University and Polytechnic in Portugal

Portugal has two main systems of higher education:

The university system, which is the oldest, has its origins in the 13th century. It is composed of thirteen public universities, one public university institute, a public open university, and several private universities and university institutes.

The polytechnic system, that began offering higher education in the 1980s after the former industrial and commercial schools were converted into engineering and administration higher education schools (so its origins could be traced back to some earlier vocational education schools of the 19th century). It is composed of fifteen state-run polytechnic institutes, public and private non-integrated polytechnic institutions, and other similar institutions.

The state-run universities (Universidades) are governed by a Rector, and are groupings of faculties, and university institutes, departments or schools. They have been created mostly in the most populated and industrialized areas near the coast (although strategically balanced with three establishments opened after 1970 in the northern, central and southern interior regions), being established in the main cities. Two of these universities are located in the Azores and Madeira Islands, and the remaining eleven in Continental Portugal. Three of them are located in Lisbon, the capital of Portugal (four considering also the Lisbon University Institute ISCTE, a large public university institute). Public universities have full autonomy in the creation and delivery of degree programmes, which are to be registered at DGES - Direcção-Geral do Ensino Superior (State Agency for Higher Education). Universities are regulated by the Ministry of Science, Technology and Higher Education, and are represented as a whole by the CRUP - Conselho de Reitores das Universidades Portuguesas.

The state-run polytechnic institutes (Institutos Politécnicos) are governed by a President, and are groupings of superior schools (escolas superiores) and institutes, in major cities these also include superior institutes (institutos superiores). They have been created across the country after 1980. The fast expansion of the polytechnic institutes, whose entrance and teaching requirements before the mid-2000s were in general less demanding than the universities' criteria, was an administrative attempt to reduce the elevated rate of pre-higher education abandon and to increase the number of (under)graduates per one million inhabitants in Portugal which were dramatically below the European average (this does not imply that its students haven't become competent professionals). For the Portuguese State it was also considerably faster and cheaper to build the Institutos Politécnicos (Polytechnic Institutes) in almost all district capitals across the country, than build a few new universities - in average, state-funding per student is about 60% higher for university students than for polytechnic students; however, even university students' average funding per capita is about 60% lower in Portugal than in Scandinavia or North America. The number of doctorate-level teaching staff in the universities has been much larger than polytechnic's - only after the 2006 Bologna Process, polytechnics reached a 10% share of doctorate-level teachers, while universities had always been home to a teaching staff with over 40% of doctorates. Since the mid-2000s, after many reforms, upgrades and changes, including the Bologna process, the polytechnic institutes have become de facto technical universities with little formal difference between them and the classic full chartered universities (polytechnics can't award doctorate degrees and, in general, they are not true research institutions, with few exceptions). The creation of degree programmes by public polytechnics require their prior approval from Government, through DGES - Direccção Geral do Ensino Superior (State Agency for Higher Education). Polytechnics are regulated by the Ministry of Science, Technology and Higher Education, and are represented as a whole by the CCISP - Conselho Coordenador dos Institutos Superiores Politécnicos Portugueses.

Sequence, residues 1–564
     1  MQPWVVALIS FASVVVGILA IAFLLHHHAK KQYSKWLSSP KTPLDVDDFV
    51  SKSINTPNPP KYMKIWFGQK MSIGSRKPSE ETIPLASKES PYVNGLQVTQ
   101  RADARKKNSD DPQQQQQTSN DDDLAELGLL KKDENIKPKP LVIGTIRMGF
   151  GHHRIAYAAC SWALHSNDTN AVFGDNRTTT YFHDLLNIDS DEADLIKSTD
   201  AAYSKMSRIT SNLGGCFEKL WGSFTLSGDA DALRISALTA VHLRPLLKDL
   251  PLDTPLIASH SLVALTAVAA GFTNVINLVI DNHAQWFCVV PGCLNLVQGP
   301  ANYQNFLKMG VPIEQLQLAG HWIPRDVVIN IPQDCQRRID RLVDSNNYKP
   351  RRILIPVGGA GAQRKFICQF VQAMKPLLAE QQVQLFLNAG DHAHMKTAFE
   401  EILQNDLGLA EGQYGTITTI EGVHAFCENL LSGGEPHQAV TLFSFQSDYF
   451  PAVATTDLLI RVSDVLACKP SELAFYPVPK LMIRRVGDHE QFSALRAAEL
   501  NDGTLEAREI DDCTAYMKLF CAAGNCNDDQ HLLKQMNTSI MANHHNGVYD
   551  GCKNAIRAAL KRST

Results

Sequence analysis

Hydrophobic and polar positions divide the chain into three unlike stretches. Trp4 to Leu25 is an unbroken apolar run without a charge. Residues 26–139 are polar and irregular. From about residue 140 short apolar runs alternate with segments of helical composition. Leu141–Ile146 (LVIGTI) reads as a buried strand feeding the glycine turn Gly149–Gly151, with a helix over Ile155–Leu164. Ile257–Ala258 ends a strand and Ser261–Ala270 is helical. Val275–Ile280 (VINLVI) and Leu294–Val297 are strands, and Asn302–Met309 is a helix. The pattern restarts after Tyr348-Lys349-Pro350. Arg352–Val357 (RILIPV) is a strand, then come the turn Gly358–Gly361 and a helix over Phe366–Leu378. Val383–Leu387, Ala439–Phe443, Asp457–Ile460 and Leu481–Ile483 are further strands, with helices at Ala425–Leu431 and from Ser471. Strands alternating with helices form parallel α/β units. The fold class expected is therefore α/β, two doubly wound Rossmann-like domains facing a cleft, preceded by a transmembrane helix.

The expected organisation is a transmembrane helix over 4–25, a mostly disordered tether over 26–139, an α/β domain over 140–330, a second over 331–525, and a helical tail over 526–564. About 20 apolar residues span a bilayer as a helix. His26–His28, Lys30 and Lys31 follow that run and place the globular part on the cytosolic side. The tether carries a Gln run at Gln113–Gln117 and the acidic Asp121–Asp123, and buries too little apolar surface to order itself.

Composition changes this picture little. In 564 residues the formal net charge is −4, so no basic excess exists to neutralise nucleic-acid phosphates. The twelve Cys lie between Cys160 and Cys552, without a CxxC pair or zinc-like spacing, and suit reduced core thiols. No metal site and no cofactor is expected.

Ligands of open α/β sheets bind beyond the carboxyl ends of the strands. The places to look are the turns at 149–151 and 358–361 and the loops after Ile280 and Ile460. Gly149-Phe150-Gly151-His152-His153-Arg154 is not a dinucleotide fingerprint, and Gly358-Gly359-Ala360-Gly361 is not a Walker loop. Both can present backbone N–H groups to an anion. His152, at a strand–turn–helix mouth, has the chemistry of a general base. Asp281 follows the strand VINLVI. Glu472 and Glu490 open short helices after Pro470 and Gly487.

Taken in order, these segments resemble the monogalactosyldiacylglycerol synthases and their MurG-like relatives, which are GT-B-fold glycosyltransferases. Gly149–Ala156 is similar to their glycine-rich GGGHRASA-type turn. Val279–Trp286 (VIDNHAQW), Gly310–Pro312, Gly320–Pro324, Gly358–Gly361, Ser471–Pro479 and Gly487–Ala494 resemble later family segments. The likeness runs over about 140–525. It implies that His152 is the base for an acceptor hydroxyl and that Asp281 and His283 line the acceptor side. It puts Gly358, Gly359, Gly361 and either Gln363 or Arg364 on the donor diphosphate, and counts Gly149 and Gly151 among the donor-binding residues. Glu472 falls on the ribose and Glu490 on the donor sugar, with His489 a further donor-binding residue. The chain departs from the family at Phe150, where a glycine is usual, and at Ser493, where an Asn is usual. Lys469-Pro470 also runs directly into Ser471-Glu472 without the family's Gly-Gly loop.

The creation of private institutions and delivery of degree programmes by them, require prior approval from Government, through DGES - Direccção Geral do Ensino Superior, after assessment by experts teams, which are nominated by the Government.

This system has resulted in increasing manifestations of concern from polytechnic and, above all, private institutions, arguing against discretionary attitudes and unnecessary bureaucracy. Government replies defend the necessity of maintaining selective mechanisms to secure a minimum level of institution quality, rationalize the whole system, and protect educational standards. In the 1990s and 2000s, there was anyway a fast growth and proliferation of private higher education and state-run polytechnical institutions with lower educational standards and ambiguous academic integrity.

Admission to public university programmes are often more demanding and selective than to their equivalent in public polytechnic and private institutions. Many specific university institutions and degrees are also regarded as more prestigious and academically robust than their peers from the polytechnic system or from certain less notable university institutions.